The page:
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Google poised to have strong presence in connected car

BMW's i Remote app for the i3 electric car will be available on the Samsung Galaxy Gear smartwatch (shown).
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There will be more Google in your next car. That was the clear message automakers gave at the recent International CES, the world's largest consumer electronic fair. Google Maps with street view function make in-car navigation systems a lot more precise and easy to use, Google Glass could help to increase safety while driving and smartwatches using Google's Android operating system might come first from an automaker rather than a computer maker.

That could be just the beginning because one of the top stories from last month's Consumer Electronics Show (CES) in Las Vegas was the announcement of the Open Automotive Alliance, whose members include automotive and technology companies that want to expand the use of Google's Android-based systems in vehicles.

That means Google, which is developing its own self-driving vehicles, will influence the driving experience of cars from Audi, General Motors, Honda and Hyundai. Audi Chief Technology Officer Ulrich Hackenberg said his company teamed up with Google for a simple reason: "Eighty percent of smartphones in the world are Android-based."

The new Audi TT's reconfigurable instrument panel also will display navigation information (shown).

Don't forget Apple

The virtual cockpit that Audi debuted at the CES shows how a car's navigation system could benefit when assisted by Google Maps street view. This enhancement promises to make navigation nearly foolproof.

While Google and Android are gaining traction, automakers are not ready to commit to just one solution, which is why Honda, Hyundai, and GM are also partners in Apple's Siri Eyes Free program. In June, Apple said Honda, Mercedes-Benz, Nissan, Ferrari, Infiniti, Kia, Hyundai, Volvo, Acura, Jaguar, Opel and Chevrolet would offer its technology starting this year.

Siri Eyes Free permits motorists to perform several tasks – such sending an e-mail or text – without taking their eyes off the road. BMW is taking an open approach. "I think it would be dangerous to only work with Google, and there are alternatives to consider. Apple clearly is one, then Microsoft, IBM and also Nokia. Having most of the worldwide street data in hand, they are possible partners," BMW development boss Herbert Diess told Automotive News Europe.

Glasses for safety?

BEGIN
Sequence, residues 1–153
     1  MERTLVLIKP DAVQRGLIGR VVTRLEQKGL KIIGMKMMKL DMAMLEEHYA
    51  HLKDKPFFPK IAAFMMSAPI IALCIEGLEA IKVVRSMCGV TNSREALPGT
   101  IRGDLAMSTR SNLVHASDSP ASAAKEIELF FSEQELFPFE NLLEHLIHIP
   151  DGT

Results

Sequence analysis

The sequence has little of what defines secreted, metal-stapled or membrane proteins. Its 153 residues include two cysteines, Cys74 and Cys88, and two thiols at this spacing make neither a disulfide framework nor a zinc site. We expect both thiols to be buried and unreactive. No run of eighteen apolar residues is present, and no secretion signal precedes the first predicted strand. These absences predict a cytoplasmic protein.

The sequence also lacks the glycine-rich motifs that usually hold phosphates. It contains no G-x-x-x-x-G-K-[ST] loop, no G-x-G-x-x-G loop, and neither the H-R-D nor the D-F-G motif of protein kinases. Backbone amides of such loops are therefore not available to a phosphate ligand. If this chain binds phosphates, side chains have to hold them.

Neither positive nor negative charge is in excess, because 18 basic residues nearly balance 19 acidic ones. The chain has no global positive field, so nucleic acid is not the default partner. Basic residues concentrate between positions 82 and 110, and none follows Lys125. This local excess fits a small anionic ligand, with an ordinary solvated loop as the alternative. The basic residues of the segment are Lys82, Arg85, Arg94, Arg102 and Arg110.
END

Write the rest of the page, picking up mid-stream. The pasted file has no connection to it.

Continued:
Hyundai and Mercedes also announced at the CES their plans to integrate Google Glass into their infotainment systems this year. And Harman International is tinkering with an app that would use Google Glass to display collision warnings. To receive that warning, a driver never has to take his eyes off the road, Harman Vice President Alon Atsmon said, adding that he sees Google Glass as a low-cost alternative to head-up displays. Harman is prepared to market its solution as original equipment or via the aftermarket.

Hyundai and Mercedes, meanwhile, view Google Glass as a device to be worn before or after a trip – not while driving. Last month, Hynundai announced plans to integrate Google Glass with the infotainment system of the 2015 Genesis, which debuts in the spring. The Korean automaker assigned Covisint, a software company headquartered in Detroit, to integrate Google Glass with Hyundai's Blue Link infotainment system.

Auto smartwatches

Smartwatches are poised to be the next must-have item for tech freaks. These watches let you quickly check e-mails and even make calls without the hassle of having to pull your smartphone out of your pocket. Automakers such as Nissan, BMW and Mercedes want to be at the forefront of the potential craze. Nissan last year announced its Dick Tracy-like device; BMW and Mercedes unveiled their smartwatches at the CES. These smartwatches offer some special auto-focused features. Nissan's is designed for use in its performance NISMO models and will provide the owner data such as vehicle speed, fuel consumption and even the driver's heart rate.

Mercedes' smartwatch has special functions for use inside and outside the car use, including the possibility to help locate your car in a parking lot. BMW's i Remote app for the i3 electric car soon will be available on the Samsung Galaxy Gear smartwatch. Currently the app is only on the Apple iPhone. The i Remote app keeps drivers connected with their BMW i3s at all times, offering information on the battery charge and available range. The app also allows users to adjust the on-board climate in preparation for a trip.

David Sedgwick contributed to this report

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